Padang (ANTARA News) – West Sumatra`s forests have the potential of being ideal hosts for climate change projects under the Kyoto Protocol, a local climate change observer said.

“The forests of West Sumatra have the ideal qualities and conditions for the implementation of climate change projects under the Kyoto Protocol scheme,” Hendri Koswara, an environmental affairs observer at Andalas University, said here Saturday.

But to actually implement such projects in West Sumatra`s forests, the local authorities must ensure institutional readiness, an adequate budget allocation and regulatory support, he said.

So far, the West Sumatra provincial government had issued Perda (bylaw) No 6/2008 on the utilization of customary lands.

“But since the issuance of the bylaw, the West Sumatra government had often faced dilemmas related to the lcal people`s rights in the relevant land management,” he said.

This situation then had given rise to the question of whether the policy or bylaw was indeed the result of careful contemplation or only a response to the issues that exists at the time the policy was adopted , like the climate change policy.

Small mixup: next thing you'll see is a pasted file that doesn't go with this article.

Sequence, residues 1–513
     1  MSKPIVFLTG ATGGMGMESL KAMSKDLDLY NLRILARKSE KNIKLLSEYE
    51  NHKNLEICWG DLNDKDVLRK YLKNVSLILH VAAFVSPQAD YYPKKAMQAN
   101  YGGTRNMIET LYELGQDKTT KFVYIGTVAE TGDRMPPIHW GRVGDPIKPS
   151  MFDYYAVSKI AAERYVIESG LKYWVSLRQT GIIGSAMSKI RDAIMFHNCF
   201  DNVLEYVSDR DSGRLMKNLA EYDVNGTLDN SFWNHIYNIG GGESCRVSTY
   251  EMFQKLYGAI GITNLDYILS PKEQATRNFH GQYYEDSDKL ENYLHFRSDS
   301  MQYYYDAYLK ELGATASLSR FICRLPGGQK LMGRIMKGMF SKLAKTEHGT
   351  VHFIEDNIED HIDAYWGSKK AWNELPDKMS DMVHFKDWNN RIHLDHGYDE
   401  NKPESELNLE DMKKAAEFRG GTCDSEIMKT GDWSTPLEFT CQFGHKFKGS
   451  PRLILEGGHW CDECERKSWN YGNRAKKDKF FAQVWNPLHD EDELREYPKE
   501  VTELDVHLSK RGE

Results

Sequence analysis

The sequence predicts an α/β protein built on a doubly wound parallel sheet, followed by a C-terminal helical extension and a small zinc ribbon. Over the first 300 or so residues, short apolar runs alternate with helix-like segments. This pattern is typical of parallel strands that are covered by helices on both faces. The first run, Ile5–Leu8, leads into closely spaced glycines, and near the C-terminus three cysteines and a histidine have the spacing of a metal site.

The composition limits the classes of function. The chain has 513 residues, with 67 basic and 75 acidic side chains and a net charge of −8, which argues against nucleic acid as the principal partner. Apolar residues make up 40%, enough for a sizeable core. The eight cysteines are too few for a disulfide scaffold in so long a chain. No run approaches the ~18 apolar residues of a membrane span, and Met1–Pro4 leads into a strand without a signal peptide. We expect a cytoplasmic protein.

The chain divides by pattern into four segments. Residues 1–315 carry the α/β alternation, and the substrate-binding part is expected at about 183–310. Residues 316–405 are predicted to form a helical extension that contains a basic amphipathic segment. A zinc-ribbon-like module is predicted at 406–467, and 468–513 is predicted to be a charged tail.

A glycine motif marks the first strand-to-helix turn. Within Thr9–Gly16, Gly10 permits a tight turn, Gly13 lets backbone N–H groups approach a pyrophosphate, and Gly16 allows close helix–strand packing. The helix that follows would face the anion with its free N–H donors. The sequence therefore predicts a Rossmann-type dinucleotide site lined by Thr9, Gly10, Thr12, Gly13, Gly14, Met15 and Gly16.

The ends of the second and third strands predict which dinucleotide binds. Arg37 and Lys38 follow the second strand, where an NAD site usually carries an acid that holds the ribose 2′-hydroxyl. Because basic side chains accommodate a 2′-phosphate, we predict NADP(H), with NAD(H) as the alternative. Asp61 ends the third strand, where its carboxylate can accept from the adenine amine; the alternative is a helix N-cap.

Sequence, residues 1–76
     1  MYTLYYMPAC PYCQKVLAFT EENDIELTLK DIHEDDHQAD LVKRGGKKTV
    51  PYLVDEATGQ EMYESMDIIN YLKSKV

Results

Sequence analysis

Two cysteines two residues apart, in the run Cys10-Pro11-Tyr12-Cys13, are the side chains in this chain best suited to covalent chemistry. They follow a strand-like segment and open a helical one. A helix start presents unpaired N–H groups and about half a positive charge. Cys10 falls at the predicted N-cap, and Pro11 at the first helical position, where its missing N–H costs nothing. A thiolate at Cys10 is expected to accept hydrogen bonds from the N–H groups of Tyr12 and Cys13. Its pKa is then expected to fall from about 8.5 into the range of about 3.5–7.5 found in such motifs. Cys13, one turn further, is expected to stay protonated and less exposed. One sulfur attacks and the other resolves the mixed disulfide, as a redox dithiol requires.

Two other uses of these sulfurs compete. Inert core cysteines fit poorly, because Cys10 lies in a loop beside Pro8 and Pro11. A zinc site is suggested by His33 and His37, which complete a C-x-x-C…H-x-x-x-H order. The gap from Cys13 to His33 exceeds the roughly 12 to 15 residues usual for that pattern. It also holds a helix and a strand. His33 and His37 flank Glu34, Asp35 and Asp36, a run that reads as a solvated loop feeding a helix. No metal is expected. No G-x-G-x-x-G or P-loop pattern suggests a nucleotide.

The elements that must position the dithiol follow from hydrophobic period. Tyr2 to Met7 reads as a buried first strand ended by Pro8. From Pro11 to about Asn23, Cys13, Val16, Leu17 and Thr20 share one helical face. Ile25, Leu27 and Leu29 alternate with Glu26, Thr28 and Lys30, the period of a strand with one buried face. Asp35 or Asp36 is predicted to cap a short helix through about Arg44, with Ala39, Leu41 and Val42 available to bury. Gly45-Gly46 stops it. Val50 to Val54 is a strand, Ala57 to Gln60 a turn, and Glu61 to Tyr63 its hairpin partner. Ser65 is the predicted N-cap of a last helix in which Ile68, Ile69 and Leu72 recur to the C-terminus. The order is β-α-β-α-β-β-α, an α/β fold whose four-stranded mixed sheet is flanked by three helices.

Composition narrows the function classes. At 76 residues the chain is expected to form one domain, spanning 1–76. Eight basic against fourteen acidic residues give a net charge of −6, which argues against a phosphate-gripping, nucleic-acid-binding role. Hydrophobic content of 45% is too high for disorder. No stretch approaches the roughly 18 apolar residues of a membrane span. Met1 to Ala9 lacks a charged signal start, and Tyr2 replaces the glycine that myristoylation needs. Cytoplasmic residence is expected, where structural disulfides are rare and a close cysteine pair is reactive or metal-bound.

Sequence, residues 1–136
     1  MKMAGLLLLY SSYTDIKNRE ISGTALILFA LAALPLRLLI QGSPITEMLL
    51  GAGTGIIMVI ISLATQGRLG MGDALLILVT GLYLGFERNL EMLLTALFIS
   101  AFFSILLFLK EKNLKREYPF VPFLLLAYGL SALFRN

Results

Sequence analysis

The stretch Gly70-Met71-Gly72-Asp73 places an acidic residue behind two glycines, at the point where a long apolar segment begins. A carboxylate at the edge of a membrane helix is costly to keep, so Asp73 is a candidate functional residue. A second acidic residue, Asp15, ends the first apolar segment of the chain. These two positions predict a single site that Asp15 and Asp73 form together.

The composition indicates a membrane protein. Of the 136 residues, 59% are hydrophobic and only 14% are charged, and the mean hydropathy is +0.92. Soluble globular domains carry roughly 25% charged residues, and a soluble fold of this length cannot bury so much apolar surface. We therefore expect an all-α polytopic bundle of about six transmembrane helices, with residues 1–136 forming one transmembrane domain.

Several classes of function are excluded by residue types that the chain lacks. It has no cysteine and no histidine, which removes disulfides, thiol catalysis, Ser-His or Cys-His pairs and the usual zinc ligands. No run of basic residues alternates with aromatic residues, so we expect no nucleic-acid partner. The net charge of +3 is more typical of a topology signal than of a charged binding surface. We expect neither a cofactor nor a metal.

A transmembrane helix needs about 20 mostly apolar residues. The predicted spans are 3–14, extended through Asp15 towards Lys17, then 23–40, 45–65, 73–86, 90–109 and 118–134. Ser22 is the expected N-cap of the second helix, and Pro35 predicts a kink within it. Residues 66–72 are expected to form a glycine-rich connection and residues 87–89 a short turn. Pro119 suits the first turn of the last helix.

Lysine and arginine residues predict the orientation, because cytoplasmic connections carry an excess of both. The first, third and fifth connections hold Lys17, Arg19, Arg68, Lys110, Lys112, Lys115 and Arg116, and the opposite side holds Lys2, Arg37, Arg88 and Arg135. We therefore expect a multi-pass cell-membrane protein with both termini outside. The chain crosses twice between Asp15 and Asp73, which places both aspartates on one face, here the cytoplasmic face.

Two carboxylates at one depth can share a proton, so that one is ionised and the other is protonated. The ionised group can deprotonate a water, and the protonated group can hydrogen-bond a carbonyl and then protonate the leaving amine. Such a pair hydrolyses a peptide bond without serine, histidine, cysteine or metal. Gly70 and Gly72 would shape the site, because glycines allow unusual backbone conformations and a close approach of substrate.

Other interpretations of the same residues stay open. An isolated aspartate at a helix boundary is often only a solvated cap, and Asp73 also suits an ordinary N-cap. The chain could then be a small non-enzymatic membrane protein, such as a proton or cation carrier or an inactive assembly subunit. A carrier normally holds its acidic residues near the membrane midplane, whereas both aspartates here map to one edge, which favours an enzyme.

He said that the West Sumatra provincial government`s must have a certain direction response or to consider the consequences for the protection of the rights and interests of local indigenous communities.

Hendri said that on every Indonesian local government`s development plan also conducted in West Sumatra, and it should be done through a gradually process to accommodate the community`s aspirations.

“The issued by-law is naively did not used properly, on contrary, the policy was issued is still a public reaction on contextual political configuration,” Hendri said.

The Kyoto Protocol is an international agreement linked to the United Nations Framework Convention on Climate Change.

The major feature of the Kyoto Protocol is that it sets binding targets for 37 industrialized countries and the European community for reducing greenhouse gas (GHG) emissions.

These amount to an average of five per cent against 1990 levels over the five-year period 2008-2012.

The Kyoto Protocol was adopted in Kyoto, Japan, on 11 December 1997 and entered into force on 16 February 2005. The detailed rules for the implementation of the Protocol were adopted at COP 7 in Marrakesh in 2001.(*)